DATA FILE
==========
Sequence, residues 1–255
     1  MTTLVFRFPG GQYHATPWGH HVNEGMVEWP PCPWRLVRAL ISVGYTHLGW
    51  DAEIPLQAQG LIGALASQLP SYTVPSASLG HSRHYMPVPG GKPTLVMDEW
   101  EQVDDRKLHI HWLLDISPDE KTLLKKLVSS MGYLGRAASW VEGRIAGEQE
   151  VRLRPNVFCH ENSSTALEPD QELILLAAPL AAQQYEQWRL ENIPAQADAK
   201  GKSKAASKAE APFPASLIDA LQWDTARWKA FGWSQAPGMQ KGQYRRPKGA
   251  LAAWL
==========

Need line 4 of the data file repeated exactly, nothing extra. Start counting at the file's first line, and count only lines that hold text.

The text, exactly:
   101  EQVDDRKLHI HWLLDISPDE KTLLKKLVSS MGYLGRAASW VEGRIAGEQE